first_name   | character varying(150)   |           | not null |                                  | extended |             |              |
 last_name    | character varying(150)   |           | not null |                                  | extended |             |              |
 email        | character varying(254)   |           | not null |                                  | extended |             |              |
 is_staff     | boolean                  |           | not null |                                  | plain    |             |              |
 is_active    | boolean                  |           | not null |                                  | plain    |             |              |
 date_joined  | timestamp with time zone |           | not null |                                  | plain    |             |              |
 phone        | character varying(32)    |           |          |                                  | extended |             |              |
 address      | character varying(64)    |           |          |                                  | extended |             |              |

You can see that the new fields named phone and address have been added.

Django Admin

To display the custom user model in the Django admin panel you first need to create a new class that inherits from UserAdmin and then register it. Next, include phone and address in the fieldsets.

The final users/admin.py should look like this:

# users/admin.py

from django.contrib import admin
from django.contrib.auth.admin import UserAdmin

from users.models import User

class CustomUserAdmin(UserAdmin):
    fieldsets = UserAdmin.fieldsets + (
        ('Additional info', {'fields': ('phone', 'address')}),

admin.site.register(User, CustomUserAdmin)

Run the server again, log in, and navigate to a random user. Scroll down to the bottom and you should see a new section with the new fields.

If you wish to customize the Django admin even further, take a look at The Django admin site from the official docs.

Rename User Table/Model

At this point, you can rename the user model and the table as you normally would.

To rename the user model, simply change the class name, and to rename the table change the db_table property:

# users/models.py

class User(AbstractUser):  # <-- you can change me
    phone = models.CharField(max_length=32, blank=True, null=True)
    address = models.CharField(max_length=64, blank=True, null=True)

    class Meta:
        db_table = 'auth_user'  # <-- you can change me

If you remove the db_table property the table name will fall back to <app_name>_<model_name>.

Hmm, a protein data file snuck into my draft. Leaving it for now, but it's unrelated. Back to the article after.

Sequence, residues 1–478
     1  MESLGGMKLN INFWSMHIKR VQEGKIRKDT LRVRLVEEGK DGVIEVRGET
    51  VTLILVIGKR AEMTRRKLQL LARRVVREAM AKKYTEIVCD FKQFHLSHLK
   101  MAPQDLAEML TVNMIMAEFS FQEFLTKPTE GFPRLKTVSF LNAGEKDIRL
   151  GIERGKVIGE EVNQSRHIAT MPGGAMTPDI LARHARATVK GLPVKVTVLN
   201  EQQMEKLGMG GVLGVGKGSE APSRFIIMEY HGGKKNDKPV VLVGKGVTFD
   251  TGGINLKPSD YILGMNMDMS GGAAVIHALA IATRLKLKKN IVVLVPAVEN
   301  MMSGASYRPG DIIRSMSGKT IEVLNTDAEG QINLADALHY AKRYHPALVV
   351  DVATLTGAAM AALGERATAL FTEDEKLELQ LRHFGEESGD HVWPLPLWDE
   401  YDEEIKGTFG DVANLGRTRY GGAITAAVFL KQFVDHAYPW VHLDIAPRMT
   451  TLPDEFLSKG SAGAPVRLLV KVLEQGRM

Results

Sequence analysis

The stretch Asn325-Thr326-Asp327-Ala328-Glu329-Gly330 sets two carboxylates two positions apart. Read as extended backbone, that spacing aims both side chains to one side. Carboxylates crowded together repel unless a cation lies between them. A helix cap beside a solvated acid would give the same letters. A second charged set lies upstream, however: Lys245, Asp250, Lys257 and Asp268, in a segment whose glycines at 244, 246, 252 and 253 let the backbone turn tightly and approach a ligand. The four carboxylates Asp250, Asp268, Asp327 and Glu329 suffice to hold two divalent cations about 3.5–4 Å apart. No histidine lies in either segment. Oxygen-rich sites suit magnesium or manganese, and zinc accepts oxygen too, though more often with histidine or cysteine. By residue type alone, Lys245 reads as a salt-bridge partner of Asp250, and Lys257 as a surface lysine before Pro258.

After you're done with your changes, run:

(venv)$ python manage.py makemigrations
(venv)$ python manage.py migrate

I generally wouldn't recommend renaming anything, because your database structure will become inconsistent. Some of the tables will have the users_ prefix, while some of them will have the auth_ prefix. But on the other hand, you could argue that the User model is now a part of the users app, so it shouldn't have the auth_ prefix.

In case you decide to rename the table, the final database structure will look similar to this:

django-todo=# \dt

                     List of relations
 Schema |            Name             | Type  |    Owner
 public | auth_group                  | table | django-todo
 public | auth_group_permissions      | table | django-todo
 public | auth_permission             | table | django-todo
 public | django_admin_log            | table | django-todo
 public | django_content_type         | table | django-todo
 public | django_migrations           | table | django-todo
 public | django_session              | table | django-todo
 public | todo_task                   | table | django-todo
 public | todo_task_categories        | table | django-todo
 public | todo_taskcategory           | table | django-todo
 public | users_user                  | table | django-todo
 public | users_user_groups           | table | django-todo
 public | users_user_user_permissions | table | django-todo


Even though this problem of migrating to a custom user model mid-project has been around for quite a while there's still no official solution.

Unfortunately, a lot of Django developers have to go through this migration process, because the Django documentation doesn't emphasize enough that you should create a custom user model at the start of the project. Maybe they could even include it in the tutorial?

Hopefully the migration process I've presented in the article worked for you without any issues. In case something didn't work for you or you think something could be improved, I'd love to hear your feedback.

You can get the final source code from the django-custom-user repo.

Nik Tomazic

Nik Tomazic

Nik is a software developer from Slovenia. He's interested in object-oriented programming and web development. He likes learning new things and accepting new challenges. When he's not coding, Nik's either swimming or watching movies.